The UK law makes it clear that stores can offer more rights to consumers than required.
Marks and Spencer, a well-known department store, offers a 35-day return and refund window. This applies to both U.K. and U.S. markets:
The following examples either meet minimum time limits or offer additional time.
Unfortunately, with its return window of 28 days, H&M may not be in compliance with the consumer laws:
If you sell products in the U.K., indicate a minimum return time window of 30 days.
Even if you don't require purchases to be returned in a set amount of time, offer an inflated deadline or make it clear there's no time limit.
Unlike other countries, U.K. makes this a requirement for Return and Refund Policies and you do not want to risk penalties.
Since the law does not impose standards for time limits on returns and refunds, the policies are different between retailers.
This can include no time limits stated in the policy.
For example, Woolworths, Ltd offers products in many retail sectors but when you visit its detailed return policy, customers can return items at any time after purchase.
Customers just need to visit a store or contact customer service.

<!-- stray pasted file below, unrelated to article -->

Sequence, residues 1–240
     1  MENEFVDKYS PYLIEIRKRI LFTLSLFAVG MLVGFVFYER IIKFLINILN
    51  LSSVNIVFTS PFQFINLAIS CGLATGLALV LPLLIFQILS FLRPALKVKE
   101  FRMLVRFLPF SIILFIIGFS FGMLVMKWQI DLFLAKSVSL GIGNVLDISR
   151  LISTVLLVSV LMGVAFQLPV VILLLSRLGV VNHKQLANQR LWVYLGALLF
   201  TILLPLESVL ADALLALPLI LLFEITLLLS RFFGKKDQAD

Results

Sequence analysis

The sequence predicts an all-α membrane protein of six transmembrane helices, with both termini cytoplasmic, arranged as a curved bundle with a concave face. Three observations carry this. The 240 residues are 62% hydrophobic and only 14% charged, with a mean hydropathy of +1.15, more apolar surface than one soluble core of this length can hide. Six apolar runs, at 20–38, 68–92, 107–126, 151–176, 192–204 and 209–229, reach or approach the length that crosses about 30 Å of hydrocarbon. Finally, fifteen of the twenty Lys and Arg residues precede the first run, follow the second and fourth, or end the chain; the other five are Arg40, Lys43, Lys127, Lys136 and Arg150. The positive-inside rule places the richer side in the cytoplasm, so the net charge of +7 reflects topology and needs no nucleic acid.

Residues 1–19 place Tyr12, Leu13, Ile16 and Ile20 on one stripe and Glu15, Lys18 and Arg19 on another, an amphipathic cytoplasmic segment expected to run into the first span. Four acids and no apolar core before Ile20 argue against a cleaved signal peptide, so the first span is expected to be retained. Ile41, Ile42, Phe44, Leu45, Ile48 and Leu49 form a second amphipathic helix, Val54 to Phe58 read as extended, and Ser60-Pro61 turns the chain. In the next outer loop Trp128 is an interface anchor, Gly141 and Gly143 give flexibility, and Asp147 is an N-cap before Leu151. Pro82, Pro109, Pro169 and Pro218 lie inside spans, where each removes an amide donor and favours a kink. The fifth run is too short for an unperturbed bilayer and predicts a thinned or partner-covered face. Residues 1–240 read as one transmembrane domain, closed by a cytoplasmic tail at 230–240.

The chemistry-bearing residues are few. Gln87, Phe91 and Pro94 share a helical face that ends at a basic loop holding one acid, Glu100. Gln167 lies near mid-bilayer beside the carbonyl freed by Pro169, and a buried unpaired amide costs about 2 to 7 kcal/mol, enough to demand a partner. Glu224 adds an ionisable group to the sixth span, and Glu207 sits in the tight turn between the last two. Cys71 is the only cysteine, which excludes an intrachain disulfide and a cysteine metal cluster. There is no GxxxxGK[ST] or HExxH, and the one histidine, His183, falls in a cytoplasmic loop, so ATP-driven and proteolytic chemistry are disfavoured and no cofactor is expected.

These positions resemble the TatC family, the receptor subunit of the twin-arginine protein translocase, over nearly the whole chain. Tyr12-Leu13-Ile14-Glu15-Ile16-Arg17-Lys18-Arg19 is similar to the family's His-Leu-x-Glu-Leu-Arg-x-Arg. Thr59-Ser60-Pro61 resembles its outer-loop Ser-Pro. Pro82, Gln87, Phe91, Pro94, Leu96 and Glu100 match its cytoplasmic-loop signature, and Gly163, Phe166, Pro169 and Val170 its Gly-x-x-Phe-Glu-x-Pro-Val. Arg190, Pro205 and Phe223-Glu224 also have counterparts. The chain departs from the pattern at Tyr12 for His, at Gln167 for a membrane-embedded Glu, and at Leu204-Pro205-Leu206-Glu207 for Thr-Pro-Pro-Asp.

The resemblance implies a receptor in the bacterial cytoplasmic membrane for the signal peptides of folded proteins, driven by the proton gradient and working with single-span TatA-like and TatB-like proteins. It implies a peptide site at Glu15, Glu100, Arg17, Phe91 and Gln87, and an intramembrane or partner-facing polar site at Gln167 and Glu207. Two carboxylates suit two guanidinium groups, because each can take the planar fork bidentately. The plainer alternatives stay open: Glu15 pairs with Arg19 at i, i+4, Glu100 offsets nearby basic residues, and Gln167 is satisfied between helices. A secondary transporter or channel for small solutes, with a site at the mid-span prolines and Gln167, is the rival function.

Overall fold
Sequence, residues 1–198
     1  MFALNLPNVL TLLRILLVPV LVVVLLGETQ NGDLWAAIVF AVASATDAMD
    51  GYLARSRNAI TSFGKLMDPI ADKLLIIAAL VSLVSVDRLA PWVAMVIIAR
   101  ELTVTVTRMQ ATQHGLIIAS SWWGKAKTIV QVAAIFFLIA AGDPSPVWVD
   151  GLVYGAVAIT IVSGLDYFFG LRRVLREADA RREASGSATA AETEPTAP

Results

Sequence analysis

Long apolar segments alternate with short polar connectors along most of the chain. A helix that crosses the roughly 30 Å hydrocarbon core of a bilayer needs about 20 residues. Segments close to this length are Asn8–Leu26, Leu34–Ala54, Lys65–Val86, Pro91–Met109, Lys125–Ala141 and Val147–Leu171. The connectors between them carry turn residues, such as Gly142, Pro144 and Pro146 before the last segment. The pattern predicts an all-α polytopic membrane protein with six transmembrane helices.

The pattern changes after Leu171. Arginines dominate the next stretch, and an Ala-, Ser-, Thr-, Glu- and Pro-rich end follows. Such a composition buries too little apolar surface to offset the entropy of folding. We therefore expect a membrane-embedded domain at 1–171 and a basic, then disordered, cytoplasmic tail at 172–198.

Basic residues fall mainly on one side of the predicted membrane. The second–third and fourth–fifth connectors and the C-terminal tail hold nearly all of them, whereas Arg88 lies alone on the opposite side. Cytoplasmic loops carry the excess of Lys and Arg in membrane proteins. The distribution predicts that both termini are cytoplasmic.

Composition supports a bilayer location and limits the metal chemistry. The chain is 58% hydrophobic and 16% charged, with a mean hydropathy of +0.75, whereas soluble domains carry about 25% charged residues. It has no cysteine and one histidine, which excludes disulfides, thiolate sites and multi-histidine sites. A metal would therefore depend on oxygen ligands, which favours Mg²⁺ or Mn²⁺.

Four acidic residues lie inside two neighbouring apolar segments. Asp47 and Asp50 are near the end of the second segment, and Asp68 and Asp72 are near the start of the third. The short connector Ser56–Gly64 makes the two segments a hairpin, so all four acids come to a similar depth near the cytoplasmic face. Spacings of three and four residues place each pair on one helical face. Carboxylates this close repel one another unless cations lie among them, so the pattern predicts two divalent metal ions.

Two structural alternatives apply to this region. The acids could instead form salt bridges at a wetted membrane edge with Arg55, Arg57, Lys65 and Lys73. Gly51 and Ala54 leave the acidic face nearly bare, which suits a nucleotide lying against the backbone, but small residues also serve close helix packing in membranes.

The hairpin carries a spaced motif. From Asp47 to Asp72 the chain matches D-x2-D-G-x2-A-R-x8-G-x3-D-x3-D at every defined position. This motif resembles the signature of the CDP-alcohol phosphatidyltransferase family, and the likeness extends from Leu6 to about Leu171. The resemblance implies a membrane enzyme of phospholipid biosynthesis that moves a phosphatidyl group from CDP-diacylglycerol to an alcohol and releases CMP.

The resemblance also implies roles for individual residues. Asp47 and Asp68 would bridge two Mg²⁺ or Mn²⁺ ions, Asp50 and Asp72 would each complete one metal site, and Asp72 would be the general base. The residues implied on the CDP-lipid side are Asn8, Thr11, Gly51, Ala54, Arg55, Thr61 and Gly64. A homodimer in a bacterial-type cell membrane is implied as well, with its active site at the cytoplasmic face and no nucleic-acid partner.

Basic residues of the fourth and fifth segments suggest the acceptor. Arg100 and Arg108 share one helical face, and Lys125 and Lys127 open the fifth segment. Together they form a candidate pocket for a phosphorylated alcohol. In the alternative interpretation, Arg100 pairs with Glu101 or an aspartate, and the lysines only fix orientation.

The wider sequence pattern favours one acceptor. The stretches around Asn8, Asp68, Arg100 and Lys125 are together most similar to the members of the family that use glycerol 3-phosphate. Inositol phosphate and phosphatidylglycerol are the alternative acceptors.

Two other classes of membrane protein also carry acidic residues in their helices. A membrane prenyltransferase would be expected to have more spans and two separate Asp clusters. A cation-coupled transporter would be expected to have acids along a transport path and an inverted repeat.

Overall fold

Other large retailers are stringent.
Booktopia limits its return window from two to five business days after delivery date or purchase:
The New Internationalist Shop sells items to raise funds and buries its return policy under the heading "Guarantee." In this one-sentence description, it at least grants customers a 14-day return window to receive a refund:
Horseland, a retailer selling equestrian equipment, also applies 14 days to its online purchases. There does not appear to be a return deadline for purchases at their stores:
Much as in the U.S., Australian retailers use the lack of regulation to promote flexibility in their return and refund policies.
This applies to time limits as much as actual terms. This is why you see return windows that vary from unlimited to just a few days.
Even if you are not selling in the U.K., where you're required to state the time window, it's best to offer a time limit on returns and refunds and make it clear in your policy.
This article is not a substitute for professional legal advice. This article does not create an attorney-client relationship, nor is it a solicitation to offer legal advice.